doi = "10.1111/1758-2229.12093",
language = "English",
volume = "5",
pages = "904--910",
journal = "Environmental Microbiology Reports",
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Shrestha, PM, Rotaru, A-E, Aklujkar, M, Liu, F, Shrestha, M, Summers, ZM, Malvankar, N, Flores, DC & Lovley, DR 2013, 'Syntrophic growth with direct interspecies electron transfer as the primary mechanism for energy exchange', Environmental Microbiology Reports, bind 5, nr. 6, s. 904-910. https://doi.org/10.1111/1758-2229.12093

Syntrophic growth with direct interspecies electron transfer as the primary mechanism for energy exchange. / Shrestha, Pravin Malla; Rotaru, Amelia-Elena; Aklujkar, Muktak; Liu, Fanghua; Shrestha, Minita; Summers, Zarath M; Malvankar, Nikhil; Flores, Dan Carlo; Lovley, Derek R.

I: Environmental Microbiology Reports, Bind 5, Nr. 6, 2013, s. 904-910.

Publikation: Bidrag til tidsskriftTidsskriftartikelForskningpeer review

TY - JOUR

T1 - Syntrophic growth with direct interspecies electron transfer as the primary mechanism for energy exchange

AU - Shrestha, Pravin Malla

AU - Rotaru, Amelia-Elena

AU - Aklujkar, Muktak

AU - Liu, Fanghua

AU - Shrestha, Minita

AU - Summers, Zarath M

AU - Malvankar, Nikhil

AU - Flores, Dan Carlo

AU - Lovley, Derek R

N1 - © 2013 John Wiley & Sons Ltd and Society for Applied Microbiology.

PY - 2013

Y1 - 2013

N2 - Direct interspecies electron transfer (DIET) through biological electrical connections is an alternative to interspecies H2 transfer as a mechanism for electron exchange in syntrophic cultures. However, it has not previously been determined whether electrons received via DIET yield energy to support cell growth. In order to investigate this, co-cultures of Geobacter metallireducens, which can transfer electrons to wild-type G. sulfurreducens via DIET, were established with a citrate synthase-deficient G. sulfurreducens strain that can receive electrons for respiration through DIET only. In a medium with ethanol as the electron donor and fumarate as the electron acceptor, co-cultures with the citrate synthase-deficient G. sulfurreducens strain metabolized ethanol as fast as co-cultures with wild-type, but the acetate that G. metallireducens generated from ethanol oxidation accumulated. The lack of acetate metabolism resulted in less fumarate reduction and lower cell abundance of G. sulfurreducens. RNAseq analysis of transcript abundance was consistent with a lack of acetate metabolism in G. sulfurreducens and revealed gene expression levels for the uptake hydrogenase, formate dehydrogenase, the pilus-associated c-type cytochrome OmcS and pili consistent with electron transfer via DIET. These results suggest that electrons transferred via DIET can serve as the sole energy source to support anaerobic respiration.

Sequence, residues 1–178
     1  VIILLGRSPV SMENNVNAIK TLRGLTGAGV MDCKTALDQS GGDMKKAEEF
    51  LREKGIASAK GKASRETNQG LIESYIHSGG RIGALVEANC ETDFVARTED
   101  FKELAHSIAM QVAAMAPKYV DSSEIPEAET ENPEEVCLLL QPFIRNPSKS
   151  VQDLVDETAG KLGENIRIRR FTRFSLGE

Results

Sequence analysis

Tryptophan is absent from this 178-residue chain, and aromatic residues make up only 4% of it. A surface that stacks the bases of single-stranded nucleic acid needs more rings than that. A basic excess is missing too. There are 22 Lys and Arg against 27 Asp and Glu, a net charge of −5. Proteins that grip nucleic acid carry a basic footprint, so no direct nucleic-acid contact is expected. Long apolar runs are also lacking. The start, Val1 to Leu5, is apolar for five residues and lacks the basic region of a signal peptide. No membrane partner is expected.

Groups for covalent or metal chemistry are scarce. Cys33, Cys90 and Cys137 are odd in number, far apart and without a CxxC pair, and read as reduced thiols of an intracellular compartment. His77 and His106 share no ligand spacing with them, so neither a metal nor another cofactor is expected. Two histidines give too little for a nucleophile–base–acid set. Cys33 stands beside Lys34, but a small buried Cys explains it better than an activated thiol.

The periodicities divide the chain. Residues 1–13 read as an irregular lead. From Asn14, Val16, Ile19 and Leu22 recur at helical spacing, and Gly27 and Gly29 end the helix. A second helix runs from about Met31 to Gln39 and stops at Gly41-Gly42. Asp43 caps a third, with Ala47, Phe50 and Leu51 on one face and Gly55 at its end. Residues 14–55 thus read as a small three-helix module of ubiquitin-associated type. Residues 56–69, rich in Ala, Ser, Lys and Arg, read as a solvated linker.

AB - Direct interspecies electron transfer (DIET) through biological electrical connections is an alternative to interspecies H2 transfer as a mechanism for electron exchange in syntrophic cultures. However, it has not previously been determined whether electrons received via DIET yield energy to support cell growth. In order to investigate this, co-cultures of Geobacter metallireducens, which can transfer electrons to wild-type G. sulfurreducens via DIET, were established with a citrate synthase-deficient G. sulfurreducens strain that can receive electrons for respiration through DIET only. In a medium with ethanol as the electron donor and fumarate as the electron acceptor, co-cultures with the citrate synthase-deficient G. sulfurreducens strain metabolized ethanol as fast as co-cultures with wild-type, but the acetate that G. metallireducens generated from ethanol oxidation accumulated. The lack of acetate metabolism resulted in less fumarate reduction and lower cell abundance of G. sulfurreducens. RNAseq analysis of transcript abundance was consistent with a lack of acetate metabolism in G. sulfurreducens and revealed gene expression levels for the uptake hydrogenase, formate dehydrogenase, the pilus-associated c-type cytochrome OmcS and pili consistent with electron transfer via DIET. These results suggest that electrons transferred via DIET can serve as the sole energy source to support anaerobic respiration.

U2 - 10.1111/1758-2229.12093

DO - 10.1111/1758-2229.12093

M3 - Journal article

C2 - 24249299

VL - 5

SP - 904

EP - 910

JO - Environmental Microbiology Reports

JF - Environmental Microbiology Reports

SN - 1758-2229

IS - 6

ER -